Zero to One, by Peter Thiel and Blake Masters
Here are some passages I found inspiring in Zero to One, by Peter Thiel (and Blake Masters). A book I strongly recommend to anyone interested by technology and the world of tomorrow.
‟Of course, it’s easier to copy a model than to make something new. Doing what we already know how to do takes the world from 1 to n, adding more of something familiar. But every time we create something new, we go from 0 to 1. The act of creation is singular, as is the moment of creation, and the result is something fresh and strange.” (Page 1)
‟Spreading old ways to create wealth around the world will result in devastation, not riches. In a world of scare resources, globalization without new technology is unsustainable.” (Page 9)
‟Tolstoy opens Anna Karenina by observing: ‛All happy families are alike; each unhappy family is unhappy in its own way.’ Business is the opposite. All happy compagnies are different: each one earns a monopoly by solving a unique problem. All failed compagnies are the same: they failed to escape competition.” (Page 34)
‟In an indefinite world, people actually prefer unlimited optionality; money is more valuable than anything you could possibly do with it. Only in a definite future is money a means to an end, not the end itself.” (Page 71)
‟We are more fascinated today by statistical predictions of what the country will be thinking in a few weeks’ time than by visionary predictions of what the country will look like in 10 or 20 years from now.” (Idem)
‟Today, we exaggerate the differences between left-liberal egalitarianism and libertarian individualism because almost everyone shares their common indefinite attitude. In philosophy, politics, and business, too, arguing over process has become a way to endlessly defer making concrete plans for a better future.” (Pages 73–74)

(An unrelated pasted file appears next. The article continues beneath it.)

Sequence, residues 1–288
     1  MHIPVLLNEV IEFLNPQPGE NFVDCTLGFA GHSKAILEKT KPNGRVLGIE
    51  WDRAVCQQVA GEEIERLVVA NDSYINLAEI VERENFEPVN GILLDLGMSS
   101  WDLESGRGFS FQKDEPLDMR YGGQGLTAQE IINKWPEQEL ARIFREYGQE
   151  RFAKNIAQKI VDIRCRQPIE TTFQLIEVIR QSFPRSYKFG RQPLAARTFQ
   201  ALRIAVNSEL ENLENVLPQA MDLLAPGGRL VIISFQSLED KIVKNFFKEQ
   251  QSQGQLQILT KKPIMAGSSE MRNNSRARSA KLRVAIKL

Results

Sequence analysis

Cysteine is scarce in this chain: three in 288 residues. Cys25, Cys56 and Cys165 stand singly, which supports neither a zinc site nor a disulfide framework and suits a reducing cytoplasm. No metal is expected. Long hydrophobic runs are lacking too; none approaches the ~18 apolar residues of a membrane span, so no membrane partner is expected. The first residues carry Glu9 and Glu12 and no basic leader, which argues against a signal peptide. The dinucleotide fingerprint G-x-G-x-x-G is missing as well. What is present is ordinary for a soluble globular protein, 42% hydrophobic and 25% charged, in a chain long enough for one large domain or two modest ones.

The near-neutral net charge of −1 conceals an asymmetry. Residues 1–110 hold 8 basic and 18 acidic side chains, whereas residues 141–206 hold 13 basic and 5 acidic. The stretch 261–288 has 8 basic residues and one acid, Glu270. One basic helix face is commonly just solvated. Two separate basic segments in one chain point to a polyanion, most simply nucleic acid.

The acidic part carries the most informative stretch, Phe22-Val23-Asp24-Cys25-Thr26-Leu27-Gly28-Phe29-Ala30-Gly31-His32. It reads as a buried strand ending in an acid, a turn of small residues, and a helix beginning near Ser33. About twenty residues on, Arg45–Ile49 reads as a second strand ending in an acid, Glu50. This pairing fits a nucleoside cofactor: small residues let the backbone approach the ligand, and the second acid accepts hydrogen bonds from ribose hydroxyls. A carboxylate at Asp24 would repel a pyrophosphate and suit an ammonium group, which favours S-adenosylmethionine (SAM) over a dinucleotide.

‟Every university believes in ‛excellence,’ and hundred-page course catalogs arranged alphabetically according to arbitrary departments of knowledge seem designed to reassure you that ‛it doesn’t matter what you do, as long as you do it well.’ That is completely false. It does matter what you do.” (Page 91)
‟A company does better the less it pays the CEO — that’s one of the single clearest patterns I’ve noticed from investing in hundreds of startups.” (Page 113–114)
‟No company has a culture; every company is a culture.” (Page 119)
‟Computers are complements for humans, not substitutes. The most valuable businesses of coming decades will be built by entrepreneurs who seek to empower people rather than try to make them obsolete.” (Page 141)
‟Apple’s value crucially depended on the singular vision of a particular person. This hints at the strange way in which the compagnies that create new technology often resemble feudal monarchies rather than organizations that are supposedly more modern.” (Page 188)
‟Our task today is to find singular ways to create the new things that will make the future not just different, but better — to go from 0 to 1. The essential first step is to think for yourself. Only by seeing our world anew, as fresh and strange as it was to the ancients who saw it first, can we both re-create it and preserve it for the future.” (Page 195)
Hope it can nourish your thoughts!